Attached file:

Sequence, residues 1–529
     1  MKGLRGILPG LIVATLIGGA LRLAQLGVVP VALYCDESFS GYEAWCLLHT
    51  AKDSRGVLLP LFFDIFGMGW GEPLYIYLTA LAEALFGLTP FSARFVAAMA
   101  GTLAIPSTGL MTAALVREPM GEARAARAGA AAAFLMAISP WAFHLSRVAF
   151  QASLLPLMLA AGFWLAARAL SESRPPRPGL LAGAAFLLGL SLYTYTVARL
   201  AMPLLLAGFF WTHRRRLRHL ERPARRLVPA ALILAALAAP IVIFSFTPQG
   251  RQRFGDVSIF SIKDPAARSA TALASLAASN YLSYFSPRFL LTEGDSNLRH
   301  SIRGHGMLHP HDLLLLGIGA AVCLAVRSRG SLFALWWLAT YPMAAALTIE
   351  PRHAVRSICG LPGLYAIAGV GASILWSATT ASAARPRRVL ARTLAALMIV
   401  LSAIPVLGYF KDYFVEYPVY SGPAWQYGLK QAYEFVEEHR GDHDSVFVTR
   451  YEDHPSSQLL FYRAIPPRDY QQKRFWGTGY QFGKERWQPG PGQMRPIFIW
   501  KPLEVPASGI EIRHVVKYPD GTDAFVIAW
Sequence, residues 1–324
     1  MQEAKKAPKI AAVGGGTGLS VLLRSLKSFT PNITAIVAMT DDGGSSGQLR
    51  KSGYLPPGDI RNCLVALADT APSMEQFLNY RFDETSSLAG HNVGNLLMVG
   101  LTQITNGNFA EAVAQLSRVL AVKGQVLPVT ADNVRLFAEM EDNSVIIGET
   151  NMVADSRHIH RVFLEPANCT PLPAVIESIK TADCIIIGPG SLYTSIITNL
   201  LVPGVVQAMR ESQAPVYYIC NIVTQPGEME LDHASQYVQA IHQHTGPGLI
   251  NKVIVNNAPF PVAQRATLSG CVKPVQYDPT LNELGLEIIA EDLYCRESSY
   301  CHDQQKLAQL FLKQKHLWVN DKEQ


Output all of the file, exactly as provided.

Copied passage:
Sequence, residues 1–529
     1  MKGLRGILPG LIVATLIGGA LRLAQLGVVP VALYCDESFS GYEAWCLLHT
    51  AKDSRGVLLP LFFDIFGMGW GEPLYIYLTA LAEALFGLTP FSARFVAAMA
   101  GTLAIPSTGL MTAALVREPM GEARAARAGA AAAFLMAISP WAFHLSRVAF
   151  QASLLPLMLA AGFWLAARAL SESRPPRPGL LAGAAFLLGL SLYTYTVARL
   201  AMPLLLAGFF WTHRRRLRHL ERPARRLVPA ALILAALAAP IVIFSFTPQG
   251  RQRFGDVSIF SIKDPAARSA TALASLAASN YLSYFSPRFL LTEGDSNLRH
   301  SIRGHGMLHP HDLLLLGIGA AVCLAVRSRG SLFALWWLAT YPMAAALTIE
   351  PRHAVRSICG LPGLYAIAGV GASILWSATT ASAARPRRVL ARTLAALMIV
   401  LSAIPVLGYF KDYFVEYPVY SGPAWQYGLK QAYEFVEEHR GDHDSVFVTR
   451  YEDHPSSQLL FYRAIPPRDY QQKRFWGTGY QFGKERWQPG PGQMRPIFIW
   501  KPLEVPASGI EIRHVVKYPD GTDAFVIAW
Sequence, residues 1–324
     1  MQEAKKAPKI AAVGGGTGLS VLLRSLKSFT PNITAIVAMT DDGGSSGQLR
    51  KSGYLPPGDI RNCLVALADT APSMEQFLNY RFDETSSLAG HNVGNLLMVG
   101  LTQITNGNFA EAVAQLSRVL AVKGQVLPVT ADNVRLFAEM EDNSVIIGET
   151  NMVADSRHIH RVFLEPANCT PLPAVIESIK TADCIIIGPG SLYTSIITNL
   201  LVPGVVQAMR ESQAPVYYIC NIVTQPGEME LDHASQYVQA IHQHTGPGLI
   251  NKVIVNNAPF PVAQRATLSG CVKPVQYDPT LNELGLEIIA EDLYCRESSY
   301  CHDQQKLAQL FLKQKHLWVN DKEQ